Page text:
CC BY-NC-ND 4.0 · J Neurosci Rural Pract 2021; 12(03): 495-503
DOI: 10.1055/s-0041-1724229
Original Article

Spinal Dermoid and Epidermoid Cyst: An Institutional Experience and Clinical Insight into the Neural Tube Closure Models

Ved P. Maurya
1  Department of Neurosurgery, Sanjay Gandhi Post Graduate Institute of Medical Sciences, Lucknow, Uttar Pradesh, India
,
Yashveer Singh
1  Department of Neurosurgery, Sanjay Gandhi Post Graduate Institute of Medical Sciences, Lucknow, Uttar Pradesh, India
,
Arun K. Srivastava
1  Department of Neurosurgery, Sanjay Gandhi Post Graduate Institute of Medical Sciences, Lucknow, Uttar Pradesh, India
,
Kuntal K. Das
1  Department of Neurosurgery, Sanjay Gandhi Post Graduate Institute of Medical Sciences, Lucknow, Uttar Pradesh, India
,
Kamlesh S. Bhaisora
1  Department of Neurosurgery, Sanjay Gandhi Post Graduate Institute of Medical Sciences, Lucknow, Uttar Pradesh, India
,
Jayesh Sardhara
1  Department of Neurosurgery, Sanjay Gandhi Post Graduate Institute of Medical Sciences, Lucknow, Uttar Pradesh, India
,
Sanjay Behari
1  Department of Neurosurgery, Sanjay Gandhi Post Graduate Institute of Medical Sciences, Lucknow, Uttar Pradesh, India
› Author Affiliations
Funding None.

Abstract

Objectives The spinal dermoid and epidermoid cysts (SDECs) are rare entities comprising less than 1% of pediatric intraspinal tumors. The present study aims to extrapolate the clinicoradiological data, in order to identify the most plausible neural tube closure model in human and provide a retrospective representation from our clinical experience.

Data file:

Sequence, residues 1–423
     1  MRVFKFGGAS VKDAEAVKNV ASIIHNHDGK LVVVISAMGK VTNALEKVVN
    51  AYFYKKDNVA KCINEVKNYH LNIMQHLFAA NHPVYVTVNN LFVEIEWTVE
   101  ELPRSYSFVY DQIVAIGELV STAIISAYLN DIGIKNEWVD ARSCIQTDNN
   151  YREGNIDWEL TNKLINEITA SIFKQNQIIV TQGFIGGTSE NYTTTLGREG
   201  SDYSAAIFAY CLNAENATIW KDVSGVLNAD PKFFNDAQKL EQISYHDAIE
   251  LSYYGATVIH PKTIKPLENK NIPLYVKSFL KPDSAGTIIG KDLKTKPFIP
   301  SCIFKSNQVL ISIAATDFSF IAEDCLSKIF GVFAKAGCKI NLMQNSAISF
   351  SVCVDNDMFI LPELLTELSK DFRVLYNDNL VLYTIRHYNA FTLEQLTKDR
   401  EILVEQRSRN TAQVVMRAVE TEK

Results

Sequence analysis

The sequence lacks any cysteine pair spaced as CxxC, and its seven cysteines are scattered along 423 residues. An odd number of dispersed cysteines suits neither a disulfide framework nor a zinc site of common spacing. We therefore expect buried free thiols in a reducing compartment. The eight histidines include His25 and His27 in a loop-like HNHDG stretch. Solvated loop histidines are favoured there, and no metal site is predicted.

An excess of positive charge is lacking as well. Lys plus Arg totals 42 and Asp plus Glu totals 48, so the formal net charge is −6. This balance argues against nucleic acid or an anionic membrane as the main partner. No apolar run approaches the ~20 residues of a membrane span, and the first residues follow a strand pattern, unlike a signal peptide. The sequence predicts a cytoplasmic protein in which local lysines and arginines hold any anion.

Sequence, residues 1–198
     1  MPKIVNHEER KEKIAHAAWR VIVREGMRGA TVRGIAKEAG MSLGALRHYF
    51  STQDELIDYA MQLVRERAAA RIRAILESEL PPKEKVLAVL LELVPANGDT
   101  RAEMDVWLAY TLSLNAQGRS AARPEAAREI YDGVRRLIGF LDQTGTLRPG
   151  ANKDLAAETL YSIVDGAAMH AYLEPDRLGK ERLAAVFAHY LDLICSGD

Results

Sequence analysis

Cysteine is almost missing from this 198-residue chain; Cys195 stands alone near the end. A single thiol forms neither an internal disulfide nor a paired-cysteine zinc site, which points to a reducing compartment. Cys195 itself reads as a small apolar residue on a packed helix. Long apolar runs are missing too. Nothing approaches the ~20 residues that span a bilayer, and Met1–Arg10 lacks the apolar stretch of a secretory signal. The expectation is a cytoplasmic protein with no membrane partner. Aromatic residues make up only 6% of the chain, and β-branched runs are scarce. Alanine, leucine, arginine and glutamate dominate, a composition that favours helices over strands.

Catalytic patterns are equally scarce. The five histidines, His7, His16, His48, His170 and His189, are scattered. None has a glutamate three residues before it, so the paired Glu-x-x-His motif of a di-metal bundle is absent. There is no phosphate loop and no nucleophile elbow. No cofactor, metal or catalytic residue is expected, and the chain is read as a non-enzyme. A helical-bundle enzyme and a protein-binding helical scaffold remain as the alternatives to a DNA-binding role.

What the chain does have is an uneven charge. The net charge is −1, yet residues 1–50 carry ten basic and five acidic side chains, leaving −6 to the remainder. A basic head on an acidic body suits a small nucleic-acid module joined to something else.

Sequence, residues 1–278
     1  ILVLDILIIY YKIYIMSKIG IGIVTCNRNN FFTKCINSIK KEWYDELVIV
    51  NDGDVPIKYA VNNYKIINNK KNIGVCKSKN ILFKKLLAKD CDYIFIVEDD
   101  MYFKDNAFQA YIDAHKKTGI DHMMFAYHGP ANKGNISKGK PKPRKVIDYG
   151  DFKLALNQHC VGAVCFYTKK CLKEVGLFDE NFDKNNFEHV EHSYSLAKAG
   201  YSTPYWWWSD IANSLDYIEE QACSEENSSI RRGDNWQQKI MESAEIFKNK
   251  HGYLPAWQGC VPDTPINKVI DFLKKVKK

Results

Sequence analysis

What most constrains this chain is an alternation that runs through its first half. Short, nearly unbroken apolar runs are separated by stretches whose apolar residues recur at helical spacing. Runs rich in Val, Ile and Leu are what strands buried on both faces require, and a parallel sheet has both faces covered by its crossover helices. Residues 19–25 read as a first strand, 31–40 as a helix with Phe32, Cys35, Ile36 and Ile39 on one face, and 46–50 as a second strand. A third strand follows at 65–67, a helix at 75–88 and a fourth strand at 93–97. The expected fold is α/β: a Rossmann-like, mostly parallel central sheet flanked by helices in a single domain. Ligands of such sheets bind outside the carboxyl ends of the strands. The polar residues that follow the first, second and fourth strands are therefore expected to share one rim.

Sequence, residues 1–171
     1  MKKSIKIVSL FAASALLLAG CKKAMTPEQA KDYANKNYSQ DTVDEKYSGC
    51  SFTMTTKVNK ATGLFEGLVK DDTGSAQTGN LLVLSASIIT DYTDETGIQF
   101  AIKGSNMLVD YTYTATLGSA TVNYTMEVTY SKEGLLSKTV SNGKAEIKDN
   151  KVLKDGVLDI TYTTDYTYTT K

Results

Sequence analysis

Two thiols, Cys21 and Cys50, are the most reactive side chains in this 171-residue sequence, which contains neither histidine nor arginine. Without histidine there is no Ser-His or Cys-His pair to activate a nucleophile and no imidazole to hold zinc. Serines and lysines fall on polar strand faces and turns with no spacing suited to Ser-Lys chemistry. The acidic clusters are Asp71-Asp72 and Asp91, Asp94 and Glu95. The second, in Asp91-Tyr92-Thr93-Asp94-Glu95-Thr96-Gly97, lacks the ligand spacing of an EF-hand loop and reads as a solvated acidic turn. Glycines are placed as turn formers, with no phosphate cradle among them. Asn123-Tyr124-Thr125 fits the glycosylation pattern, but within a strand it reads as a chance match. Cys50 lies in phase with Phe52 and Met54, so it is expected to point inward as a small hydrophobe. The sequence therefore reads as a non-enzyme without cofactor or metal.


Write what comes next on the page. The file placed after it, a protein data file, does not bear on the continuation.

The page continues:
Materials and Methods We collected the details of all histologically proven, newly diagnosed primary SDECs who underwent excision over the past 20 years. Secondary or recurrent lesions and other spinal cord tumors were excluded. Surgical and follow-up details of these patients as well as those with associated spinal dysraphism were reviewed. Clinical and radiological follow-up revealed the recurrence in these inborn spinal cord disorders.

Results A total of 73 patients were included retrospectively, having a mean age of 22.4 ± 13.3 years, and 41 (56.2%) cases fell in the first two decades of life. Twenty-four (32.9%) dermoid and 49 (67.1%) epidermoid cysts comprised the study population and 20 of them had associated spinal dysraphism. The distribution of SDECs was the most common in lumbosacral region (n = 30) which was 10 times more common than in the sacral region (n = 3). Bladder dysfunction 50 (68.5%) and pain 48 (65.7%) were the most common presenting complaints. During follow-up visits, 40/48 (83.3%) cases showed sensory improvement while 11/16 (68.7%) regained normal bowel function. There was no surgical mortality with recurrence seen in eight till the last follow-up.

Conclusions The protracted clinical course of the spinal inclusion cysts mandates a long-term follow-up. The results of our study support the multisite closure model and attempt to provide a retrospective reflection of neural tube closure model in humans by using SDECs as the surrogate marker of neural tube closure defect.



Publication History

Publication Date:
24 March 2021 (online)

© 2021. Association for Helping Neurosurgical Sick People. This is an open access article published by Thieme under the terms of the Creative Commons Attribution-NonDerivative-NonCommercial-License, permitting copying and reproduction so long as the original work is given appropriate credit. Contents may not be used for commercial purposes, or adapted, remixed, transformed or built upon. (https://creativecommons.org/licenses/by-nc-nd/4.0/.)

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